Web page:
Tuesday, January 25, 2011

On failed programs

There looks to be plenty of discussion today about the possibility that the Harper Cons may reverse their previous plans and turn a P3 fund into a source of stadium funding. But it's worth taking a closer look at why the money is just sitting around in the first place:
Federal Conservatives are eyeing an unspent pot of more than $1-billion from the 2008 budget as a way of funding pro-sports venues without coughing up new cash.
The $1.25-billion P3 Canada Fund was created in the 2008 budget but has so far only approved two projects – a $25-million road extension in Winnipeg and a $50-million project in the Maritimes to expand emergency radio services. A spokesperson for the fund could not confirm whether Quebec City or the Quebec government submitted applications.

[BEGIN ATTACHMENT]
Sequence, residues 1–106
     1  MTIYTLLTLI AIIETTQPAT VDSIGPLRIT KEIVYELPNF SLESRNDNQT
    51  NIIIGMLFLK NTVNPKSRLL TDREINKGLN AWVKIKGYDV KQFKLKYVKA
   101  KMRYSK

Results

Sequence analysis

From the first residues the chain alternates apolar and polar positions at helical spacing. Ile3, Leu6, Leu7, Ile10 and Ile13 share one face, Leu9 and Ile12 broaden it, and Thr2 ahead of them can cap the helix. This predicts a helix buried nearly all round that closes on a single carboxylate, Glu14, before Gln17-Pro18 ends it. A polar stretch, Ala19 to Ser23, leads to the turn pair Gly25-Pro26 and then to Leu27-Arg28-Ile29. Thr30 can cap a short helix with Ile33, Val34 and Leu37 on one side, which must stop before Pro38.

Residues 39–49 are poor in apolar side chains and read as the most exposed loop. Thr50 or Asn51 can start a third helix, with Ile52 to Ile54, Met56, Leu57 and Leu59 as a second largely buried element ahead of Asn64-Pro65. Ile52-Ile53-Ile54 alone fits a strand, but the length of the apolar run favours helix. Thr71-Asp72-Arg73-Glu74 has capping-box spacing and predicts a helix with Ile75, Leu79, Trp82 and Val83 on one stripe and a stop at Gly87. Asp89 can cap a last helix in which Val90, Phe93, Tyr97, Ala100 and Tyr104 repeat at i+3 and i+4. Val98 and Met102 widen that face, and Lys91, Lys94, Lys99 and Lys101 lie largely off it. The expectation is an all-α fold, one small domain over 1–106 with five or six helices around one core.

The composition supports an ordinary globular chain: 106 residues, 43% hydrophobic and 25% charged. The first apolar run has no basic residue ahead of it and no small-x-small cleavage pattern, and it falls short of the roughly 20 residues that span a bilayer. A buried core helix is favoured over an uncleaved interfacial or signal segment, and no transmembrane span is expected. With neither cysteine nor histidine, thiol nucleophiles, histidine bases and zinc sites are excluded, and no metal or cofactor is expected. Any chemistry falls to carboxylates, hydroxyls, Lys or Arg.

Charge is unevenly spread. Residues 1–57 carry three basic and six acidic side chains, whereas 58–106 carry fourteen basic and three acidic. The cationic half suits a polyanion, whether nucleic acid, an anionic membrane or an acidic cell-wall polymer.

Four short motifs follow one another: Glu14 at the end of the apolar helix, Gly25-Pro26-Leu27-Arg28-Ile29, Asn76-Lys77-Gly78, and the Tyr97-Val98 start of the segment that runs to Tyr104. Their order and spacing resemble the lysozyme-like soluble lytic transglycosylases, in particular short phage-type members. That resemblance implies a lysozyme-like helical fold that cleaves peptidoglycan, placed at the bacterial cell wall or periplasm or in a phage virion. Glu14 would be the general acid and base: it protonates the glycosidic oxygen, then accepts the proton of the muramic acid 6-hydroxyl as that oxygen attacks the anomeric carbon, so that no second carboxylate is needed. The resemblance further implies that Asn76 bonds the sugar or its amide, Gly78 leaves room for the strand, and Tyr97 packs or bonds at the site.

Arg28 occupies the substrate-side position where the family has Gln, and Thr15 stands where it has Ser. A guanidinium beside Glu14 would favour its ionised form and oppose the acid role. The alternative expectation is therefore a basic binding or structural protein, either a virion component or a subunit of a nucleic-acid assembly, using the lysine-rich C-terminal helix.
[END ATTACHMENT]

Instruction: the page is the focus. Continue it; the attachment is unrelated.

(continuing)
The fund is under the responsibility of Finance Minister Jim Flaherty, who has largely been cool to the idea of federal funding for pro-sports facilities.
So based on their commitment to shovel public money into private hands at every opportunity, the Cons set aside $1.25 billion as part of their work in pushing Canada's budget into the red even before the 2008 recession hit. And in keeping with Jim Flaherty's usual financial prowess, the program was off by a tidy 1,666% in anticipating the level of demand for that money under the initial rules.

Now, the Cons have apparently decided that money previously budgeted for a failed venture doesn't count as new spending. Which might make sense as a rationalization for Con supporters, but hardly looks like a position that any other party should be willing to accept: after all, the choice between putting a billion dollars into stadium funding or reducing Flaherty's deficit is no less real whether or not the money has previously been allocated.

So what we have now is the Cons looking to rely on their previous ineptitude as a means of pushing yet more public money toward their own political interests. And while that may be an entirely predictable result, it's hardly one that should be allowed to pass without challenge.

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